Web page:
Denver Staffing Agency - Affordable Care Act "Higher Fee" Rule

  • Posted by: J. Kent Gervasini |
  • 5/6/15 |
  • 1:11 PM
  • 1506 Views
Denver Staffing Agency - Affordable Care Act "Higher Fee" Rule


Affordable Care Act (ACA)
Compliance With
Treas. Reg. §54.4980H-4(d)(2)


The “Higher Fee" Rule

The ACA Special “Higher Fee” Rule – Offer of Coverage on Behalf of the Client
Some staffing firm clients are asking staffing firms to charge a “higher fee” for its temporary or contract employees enrolled in the staffing firm’s health insurance plan than for those who are not enrolled under a special rule found in Treas. Reg. §54.4980H-4(d)(2). Why?

“Higher Fee” Rule Satisfies Client’s ACA Obligation as a Common Law Employer
If a “higher fee” is charged as required by the rules, the coverage offered by the staffing firm will be viewed as provided by the client, thus satisfying the client’s ACA obligation as a common law employer. The purpose of the “higher fee” is to show that the client, in fact has paid something for the cost of the employees who enroll in the staffing firm’s health insurance plan. The “higher fee surcharge” is in addition to and separate from the hourly bill rate to the client for the professional staffing services provided.

HIPAA Privacy Rules
Client Requests for Employee Enrollment Data Could Raise Privacy Issues

In a recent March 25, 2015 article, “Client Requests for Employee Enrollment Data Could Raise Privacy Issues”, Edward A. Lenz, Esq., Senior Counsel, American Staffing Association discusses the role and application of the HIPAA Privacy Rules as it relates to employee enrollment data requests, specifically requesting the identity of the enrolled employees by name.

Under the special rule found in Treas. Reg. §54.4980H-4(d)(2), nowhere does the special rule require the staffing firm to identify the enrolled employees by name. The American Staffing Association’s team of legal experts believe that disclosing employee names is not only unnecessary, it also could run afoul of the rules governing medical privacy under the Health Insurance Portability and Accountability Act of 1996 (HIPPA).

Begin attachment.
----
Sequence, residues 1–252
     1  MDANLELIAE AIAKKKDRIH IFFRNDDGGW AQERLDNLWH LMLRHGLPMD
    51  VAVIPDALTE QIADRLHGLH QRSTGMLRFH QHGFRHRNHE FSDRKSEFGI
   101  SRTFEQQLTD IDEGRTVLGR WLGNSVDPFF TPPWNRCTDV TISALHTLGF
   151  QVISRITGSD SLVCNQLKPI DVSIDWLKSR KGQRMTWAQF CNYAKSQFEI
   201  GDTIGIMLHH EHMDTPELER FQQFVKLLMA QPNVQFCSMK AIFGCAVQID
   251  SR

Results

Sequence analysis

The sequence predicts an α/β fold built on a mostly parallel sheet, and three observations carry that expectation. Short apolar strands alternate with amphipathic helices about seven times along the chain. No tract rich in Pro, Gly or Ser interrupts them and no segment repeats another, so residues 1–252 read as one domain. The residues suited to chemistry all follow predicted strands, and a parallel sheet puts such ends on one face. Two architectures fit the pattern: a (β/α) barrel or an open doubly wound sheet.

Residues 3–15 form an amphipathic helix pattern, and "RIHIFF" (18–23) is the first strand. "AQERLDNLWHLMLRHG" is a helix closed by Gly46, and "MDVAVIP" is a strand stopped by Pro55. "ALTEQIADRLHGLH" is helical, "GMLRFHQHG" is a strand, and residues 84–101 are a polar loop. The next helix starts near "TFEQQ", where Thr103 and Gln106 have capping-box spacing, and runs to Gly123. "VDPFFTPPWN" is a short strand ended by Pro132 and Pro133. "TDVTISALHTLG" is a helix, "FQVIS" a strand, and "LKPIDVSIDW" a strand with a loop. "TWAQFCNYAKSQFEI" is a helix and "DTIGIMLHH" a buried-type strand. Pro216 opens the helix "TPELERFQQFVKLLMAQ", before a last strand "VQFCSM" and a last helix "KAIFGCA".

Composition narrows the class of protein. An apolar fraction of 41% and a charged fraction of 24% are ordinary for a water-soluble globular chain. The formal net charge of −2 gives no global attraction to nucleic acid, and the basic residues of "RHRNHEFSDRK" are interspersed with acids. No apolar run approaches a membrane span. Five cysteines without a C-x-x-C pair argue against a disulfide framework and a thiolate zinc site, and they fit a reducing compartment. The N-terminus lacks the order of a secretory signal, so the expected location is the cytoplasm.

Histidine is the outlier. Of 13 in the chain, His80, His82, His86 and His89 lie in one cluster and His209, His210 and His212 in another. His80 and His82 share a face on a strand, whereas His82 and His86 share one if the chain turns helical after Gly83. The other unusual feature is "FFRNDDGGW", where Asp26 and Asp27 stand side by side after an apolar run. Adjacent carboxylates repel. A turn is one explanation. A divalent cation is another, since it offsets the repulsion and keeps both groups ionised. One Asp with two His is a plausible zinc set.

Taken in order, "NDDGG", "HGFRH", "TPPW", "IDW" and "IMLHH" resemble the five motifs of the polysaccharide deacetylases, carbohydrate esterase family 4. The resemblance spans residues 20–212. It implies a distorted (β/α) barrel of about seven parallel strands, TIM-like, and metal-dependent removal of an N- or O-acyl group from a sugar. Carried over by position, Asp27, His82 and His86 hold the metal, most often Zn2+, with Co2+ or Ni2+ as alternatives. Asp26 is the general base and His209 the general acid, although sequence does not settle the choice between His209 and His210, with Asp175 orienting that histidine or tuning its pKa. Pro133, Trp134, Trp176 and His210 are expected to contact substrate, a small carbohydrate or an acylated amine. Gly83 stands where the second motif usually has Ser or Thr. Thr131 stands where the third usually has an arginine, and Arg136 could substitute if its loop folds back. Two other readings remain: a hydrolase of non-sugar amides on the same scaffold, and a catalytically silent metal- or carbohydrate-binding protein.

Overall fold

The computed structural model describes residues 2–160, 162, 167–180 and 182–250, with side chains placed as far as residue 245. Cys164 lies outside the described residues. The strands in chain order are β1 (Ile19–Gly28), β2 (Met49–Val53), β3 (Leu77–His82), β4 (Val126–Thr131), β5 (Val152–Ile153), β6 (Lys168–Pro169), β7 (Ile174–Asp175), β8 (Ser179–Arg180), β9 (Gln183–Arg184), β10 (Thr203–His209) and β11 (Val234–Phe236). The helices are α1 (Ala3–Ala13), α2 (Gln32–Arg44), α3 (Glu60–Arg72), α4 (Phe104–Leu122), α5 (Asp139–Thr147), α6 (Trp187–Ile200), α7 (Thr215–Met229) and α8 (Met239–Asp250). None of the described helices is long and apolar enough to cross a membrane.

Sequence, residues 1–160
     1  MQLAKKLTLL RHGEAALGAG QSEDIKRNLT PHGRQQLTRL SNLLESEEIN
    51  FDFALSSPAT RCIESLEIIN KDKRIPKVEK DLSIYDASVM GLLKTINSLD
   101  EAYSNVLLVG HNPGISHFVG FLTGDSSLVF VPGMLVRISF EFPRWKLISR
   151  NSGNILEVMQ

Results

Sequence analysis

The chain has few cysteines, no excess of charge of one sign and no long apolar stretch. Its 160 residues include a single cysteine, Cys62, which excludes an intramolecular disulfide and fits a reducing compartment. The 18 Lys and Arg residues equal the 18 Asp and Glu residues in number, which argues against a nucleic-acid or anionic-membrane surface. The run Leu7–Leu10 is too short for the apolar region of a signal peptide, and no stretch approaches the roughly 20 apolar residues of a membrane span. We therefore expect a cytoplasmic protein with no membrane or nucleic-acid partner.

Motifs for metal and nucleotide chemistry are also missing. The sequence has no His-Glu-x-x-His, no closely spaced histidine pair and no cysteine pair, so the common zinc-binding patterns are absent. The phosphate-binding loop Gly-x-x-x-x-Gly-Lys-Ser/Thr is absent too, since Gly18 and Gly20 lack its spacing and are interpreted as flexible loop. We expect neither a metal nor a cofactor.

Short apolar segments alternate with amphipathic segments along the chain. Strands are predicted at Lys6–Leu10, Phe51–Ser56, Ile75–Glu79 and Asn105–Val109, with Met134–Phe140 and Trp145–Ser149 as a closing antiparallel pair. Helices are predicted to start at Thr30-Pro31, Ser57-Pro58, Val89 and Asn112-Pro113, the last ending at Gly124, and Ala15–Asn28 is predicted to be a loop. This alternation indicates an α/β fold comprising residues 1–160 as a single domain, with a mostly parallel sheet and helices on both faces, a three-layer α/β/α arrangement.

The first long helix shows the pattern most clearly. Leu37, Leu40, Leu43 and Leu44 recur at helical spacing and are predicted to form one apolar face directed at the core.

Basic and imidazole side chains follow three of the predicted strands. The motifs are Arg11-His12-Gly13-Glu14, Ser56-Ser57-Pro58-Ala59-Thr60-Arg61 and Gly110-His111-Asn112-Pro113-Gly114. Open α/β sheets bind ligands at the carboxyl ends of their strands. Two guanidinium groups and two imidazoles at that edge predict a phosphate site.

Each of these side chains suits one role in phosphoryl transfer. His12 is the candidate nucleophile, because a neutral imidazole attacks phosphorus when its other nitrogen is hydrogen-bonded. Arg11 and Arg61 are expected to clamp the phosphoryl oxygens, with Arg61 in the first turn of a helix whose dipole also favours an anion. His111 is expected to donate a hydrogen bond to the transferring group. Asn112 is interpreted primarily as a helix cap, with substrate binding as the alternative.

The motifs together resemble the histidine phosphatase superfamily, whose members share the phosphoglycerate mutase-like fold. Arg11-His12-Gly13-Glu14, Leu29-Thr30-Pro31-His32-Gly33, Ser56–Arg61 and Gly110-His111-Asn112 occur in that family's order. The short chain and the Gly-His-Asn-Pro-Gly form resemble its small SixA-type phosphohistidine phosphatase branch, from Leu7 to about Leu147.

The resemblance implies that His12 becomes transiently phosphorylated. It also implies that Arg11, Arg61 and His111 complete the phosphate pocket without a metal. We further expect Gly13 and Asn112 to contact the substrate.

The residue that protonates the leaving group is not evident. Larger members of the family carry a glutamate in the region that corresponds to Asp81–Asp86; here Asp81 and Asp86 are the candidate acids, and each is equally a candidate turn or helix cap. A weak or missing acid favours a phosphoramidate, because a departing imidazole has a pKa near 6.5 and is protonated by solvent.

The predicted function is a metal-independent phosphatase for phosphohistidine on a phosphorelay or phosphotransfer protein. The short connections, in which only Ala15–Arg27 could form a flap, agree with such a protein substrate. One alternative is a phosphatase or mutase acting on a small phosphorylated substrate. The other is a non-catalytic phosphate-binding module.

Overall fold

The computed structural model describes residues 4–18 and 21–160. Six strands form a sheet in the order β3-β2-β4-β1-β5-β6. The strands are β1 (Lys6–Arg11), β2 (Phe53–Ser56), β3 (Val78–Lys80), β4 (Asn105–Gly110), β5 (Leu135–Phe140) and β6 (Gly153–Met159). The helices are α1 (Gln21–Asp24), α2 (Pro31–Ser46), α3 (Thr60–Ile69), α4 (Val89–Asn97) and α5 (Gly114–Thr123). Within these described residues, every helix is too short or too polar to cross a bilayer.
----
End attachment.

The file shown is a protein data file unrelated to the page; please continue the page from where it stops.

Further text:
HIPAA Privacy Rules
Bars Employer-Sponsored Group Health Plans From Disclosing Protected Health Information (PHI)

The HIPAA Privacy Rule bars "covered entities"--which includes employer-sponsored group health insurance plans-from using or disclosing an individual's protected health information (PHI), other than for certain limited purposes (generally relating to treatment, payment or health care operations), to anyone--unless an exception applies or the individual authorizes the disclosure. Although HIPAA treats the employer as separate and distinct from the group health insurance plan, a group health insurance plan cannot disclose PHI even to a sponsoring employer without an exception or employee authorization. Moreover, where disclosure is permitted, HIPAA requires that the information disclosed must be limited to the minimum amount necessary to accomplish the intended purpose of the disclosure.

In sum, because there is a downside to disclosing the identity of the enrolled employee by name, prudence would suggest staffing firms not disclose the information unless employees expressly consent to such disclosure in writing.


The information above does not constitute legal advice.
Employers and corporate entities should consult a Colorado labor or employment attorney with additional questions, or for guidance and more information. 

 

Source: American Staffing Association (ASA), Edward A. Lenz, Esq. | Senior Counsel
          Client Requests for Employee Enrollment Data Could Raise Privacy Issues, March 25, 2015

www.JKentStaffing.com
 

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